With a mounting array of complaints and accusations, the lifespan of this once great British broadcaster may be coming to an end
Founded by John Reith on the 18th of October 1922, the BBC is the oldest national broadcaster and one of the biggest. But with scandal, controversy and cuts, what does the future hold for the great British Broadcaster?
Over the decades the BBC has played host to one of the best loved TV shows, from soaps and satires to dramas and documentaries. The public service broadcaster caters to the needs of the viewer, and rightly so as it is the viewer who funds it. MPs however have recently criticised the lack of modernity of the TV license fee and suggested that the future of the fee is uncertain and may have to be replaced within the next 10-15 years. This along with recent cuts, places the question over the BBC’s future.
‘Trust is the foundation of the BBC: we are independent, impartial and honest’. According to their website, this is one of the BBC’s core values, but is this really the case? The BBC is no stranger to controversy, and it seems that many of its values have been compromised over the years: with protests against the BBC due to a lack of impartiality and more recently, according to the Independent, the repeated breech of certain Ofcom guidelines. So it seems the answer is ‘No’ when it comes to trust being the foundation of the BBC.
The BBC is often known to be an independent broadcaster and is held accountable by the Royal Charter to be objective, but over the years it has been branded as untrustworthy by a number of people. In 2014 the BBC studios were host to several protests which questioned its impartiality, this was in regards to its anti-Scottish independence stance which was also criticised by public figures such as actor, Peter Mullen.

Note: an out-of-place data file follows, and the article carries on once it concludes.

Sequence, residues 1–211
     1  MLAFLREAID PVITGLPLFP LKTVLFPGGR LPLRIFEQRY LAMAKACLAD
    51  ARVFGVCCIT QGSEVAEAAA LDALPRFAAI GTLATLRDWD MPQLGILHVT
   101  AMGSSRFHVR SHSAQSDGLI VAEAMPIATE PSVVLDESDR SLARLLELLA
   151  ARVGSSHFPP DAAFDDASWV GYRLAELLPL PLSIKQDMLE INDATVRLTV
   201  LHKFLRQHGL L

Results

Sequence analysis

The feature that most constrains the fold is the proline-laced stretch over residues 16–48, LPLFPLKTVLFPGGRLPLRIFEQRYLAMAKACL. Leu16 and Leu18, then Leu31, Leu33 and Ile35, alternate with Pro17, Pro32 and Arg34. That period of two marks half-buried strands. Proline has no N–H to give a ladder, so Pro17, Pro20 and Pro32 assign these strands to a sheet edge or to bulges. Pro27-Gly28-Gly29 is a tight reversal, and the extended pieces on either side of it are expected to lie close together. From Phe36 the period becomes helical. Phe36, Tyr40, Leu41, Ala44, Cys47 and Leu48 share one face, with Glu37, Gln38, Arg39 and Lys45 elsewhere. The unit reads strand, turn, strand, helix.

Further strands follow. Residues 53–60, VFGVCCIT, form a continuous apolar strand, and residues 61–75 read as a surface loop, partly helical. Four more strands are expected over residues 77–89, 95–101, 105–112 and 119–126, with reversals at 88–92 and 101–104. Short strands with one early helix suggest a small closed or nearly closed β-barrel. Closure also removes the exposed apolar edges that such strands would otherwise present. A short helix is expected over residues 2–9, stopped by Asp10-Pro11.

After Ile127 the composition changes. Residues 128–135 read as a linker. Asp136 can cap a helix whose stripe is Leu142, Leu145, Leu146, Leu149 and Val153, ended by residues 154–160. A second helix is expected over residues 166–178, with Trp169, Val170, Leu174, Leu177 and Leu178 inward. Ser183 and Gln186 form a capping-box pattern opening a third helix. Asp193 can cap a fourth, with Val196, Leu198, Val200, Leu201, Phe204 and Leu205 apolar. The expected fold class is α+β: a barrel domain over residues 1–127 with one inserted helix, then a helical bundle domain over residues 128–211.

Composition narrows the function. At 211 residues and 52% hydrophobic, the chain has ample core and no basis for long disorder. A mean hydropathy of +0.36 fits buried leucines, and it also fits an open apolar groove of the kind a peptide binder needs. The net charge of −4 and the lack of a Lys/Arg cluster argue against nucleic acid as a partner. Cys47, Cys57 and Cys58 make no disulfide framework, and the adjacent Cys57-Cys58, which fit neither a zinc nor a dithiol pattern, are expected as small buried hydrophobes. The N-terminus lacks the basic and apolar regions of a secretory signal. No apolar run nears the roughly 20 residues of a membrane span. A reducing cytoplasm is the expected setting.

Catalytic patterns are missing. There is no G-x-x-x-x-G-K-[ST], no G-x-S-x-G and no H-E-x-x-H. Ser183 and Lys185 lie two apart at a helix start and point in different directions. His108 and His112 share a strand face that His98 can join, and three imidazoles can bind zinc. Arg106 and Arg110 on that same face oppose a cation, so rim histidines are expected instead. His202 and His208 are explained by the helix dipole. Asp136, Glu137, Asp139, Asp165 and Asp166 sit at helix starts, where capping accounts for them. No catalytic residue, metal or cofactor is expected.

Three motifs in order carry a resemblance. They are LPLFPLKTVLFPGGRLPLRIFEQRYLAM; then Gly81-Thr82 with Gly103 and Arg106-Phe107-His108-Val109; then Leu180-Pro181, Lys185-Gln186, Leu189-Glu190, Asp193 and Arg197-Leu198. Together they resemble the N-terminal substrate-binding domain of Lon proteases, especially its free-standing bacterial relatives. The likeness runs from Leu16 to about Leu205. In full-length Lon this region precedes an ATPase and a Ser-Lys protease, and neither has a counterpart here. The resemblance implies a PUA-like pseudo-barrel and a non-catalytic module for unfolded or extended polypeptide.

In the same year, the BBC came under attack by protesters over its pro-Israeli stance when covering the attacks on Gaza. In 2009 the BBC refused to air an aid appeal requested by the Disaster Emergency Committee, and as a result were attacked both by the general public, with large-scale protests taking place, and by senior MPs such as Nick Clegg. The former cabinet minister, Tony Benn took matters into his own hands and heavily condemned the actions of the BBC, reading out the appeal address during an interview. Trust in the BBC as an institution is also declining with incidents such as the Jimmy Saville abuse scandal tarring the reputation of this once famous broadcaster.
Media bias is an issue which impacts the whole world, with countries such as North Korea and Saudi Arabia using the media as a tool to rally political support to enforce their laws and views. We in the west tend to pride ourselves on our freedom of speech and the press, but is this really the case? The media industry is an oligopoly which means that a handful of powerful individuals, such as Murdoch, are in charge of what we see and hear and with it being one of the most powerful sources of information, how free are we to make our own decisions?
I, am in no way undermining the public. Through the internet and other advances in technology, we are now able to seek knowledge beyond tabloid newspapers, accessing smaller and more independent sources of information, such as this site, as well as many online news channels such as VICE News.
Even with a history of controversies, and the recent revelations of its breach in Ofcom guidelines, it seems the BBC still remains one of the most respected networks in the world and the closest to a truly impartial broadcaster. Though the long-term future of the BBC as a public service network remains uncertain, it’s safe to say it is not yet the end for the world’s oldest broadcaster.